This is a blog that I post to several times a week although not necessarily daily. These reflections are triggered by the scripture found in the lectionary used by many Christian denominations. While I am part of the Catholic tradition, these posts are not --or rarely--sectarian. I try to put myself in the space of a of Jesus Christ and listen to words that come to me as I read and pray the scriptures. Each post also includes a photograph. These rarely have any connection to the content of the post but are simply pleasing images that I capture as I make my pilgrimage through life.

Friday, September 21, 2012

Faith comes before Church

September 20 was the Memorial of St. Andrew Kim Taegon and St. Paul Chong Hasang and companions. They are part of a group of thousands of Christians who were tortured and martyred in Korea before the institution of religious freedom in 1887. The Korean church is particularly relevant to us today because it was a lay founded and sustained church for hundreds of years. The first Christians appeared in the 16th century as a result of baptisms by Japanese soldiers. This community of Christians continued to exist within the cultural fortress of Korea for 300 years before priests and missionaries began to enter. This more formal and visible form of the church led to these brutal persecutions.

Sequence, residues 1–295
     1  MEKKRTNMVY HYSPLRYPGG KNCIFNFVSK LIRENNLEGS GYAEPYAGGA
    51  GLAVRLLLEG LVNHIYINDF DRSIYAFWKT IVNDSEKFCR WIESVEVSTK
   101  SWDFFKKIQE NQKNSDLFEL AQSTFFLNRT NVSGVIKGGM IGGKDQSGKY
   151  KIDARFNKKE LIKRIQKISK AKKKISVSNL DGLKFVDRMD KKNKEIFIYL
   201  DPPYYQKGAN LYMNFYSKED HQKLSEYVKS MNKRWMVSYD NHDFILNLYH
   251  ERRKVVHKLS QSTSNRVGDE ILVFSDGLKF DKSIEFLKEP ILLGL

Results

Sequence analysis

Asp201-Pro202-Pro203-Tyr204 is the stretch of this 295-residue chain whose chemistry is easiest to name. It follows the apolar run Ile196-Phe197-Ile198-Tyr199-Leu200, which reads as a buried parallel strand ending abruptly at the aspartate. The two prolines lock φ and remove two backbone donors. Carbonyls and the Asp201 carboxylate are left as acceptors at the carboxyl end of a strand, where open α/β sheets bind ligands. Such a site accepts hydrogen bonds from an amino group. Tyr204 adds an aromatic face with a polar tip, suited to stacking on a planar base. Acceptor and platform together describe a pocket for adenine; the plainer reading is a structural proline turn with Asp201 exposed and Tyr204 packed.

Catholicism began with a small group of Koreans reading books smuggled into the country. For several decades this Catholicism existed and was vital. So much so that when priests arrived, they were astonished to find a flourishing church. This story makes us aware that the institutional church--as necessary as it might be--is not the true church. It is the underlying faith community of disciples of Jesus Christ the forms the church on which all the external forms and practices exist. Without this underlying reality, there cannot truly be a church.
How often did Jesus say, "You faith has saved you?" Or when he could not heal or perform wonders, he would say that the reason was lack of faith and belief. As important as the sacraments, including the Eucharist, are to the church, they do not exist apart from a community of faithful believers. With such a community, they exist even without the presence of an institutionalized structure with its special class of agents. We learn this from the story of St. Andrew Kim and St. Paul Chong.
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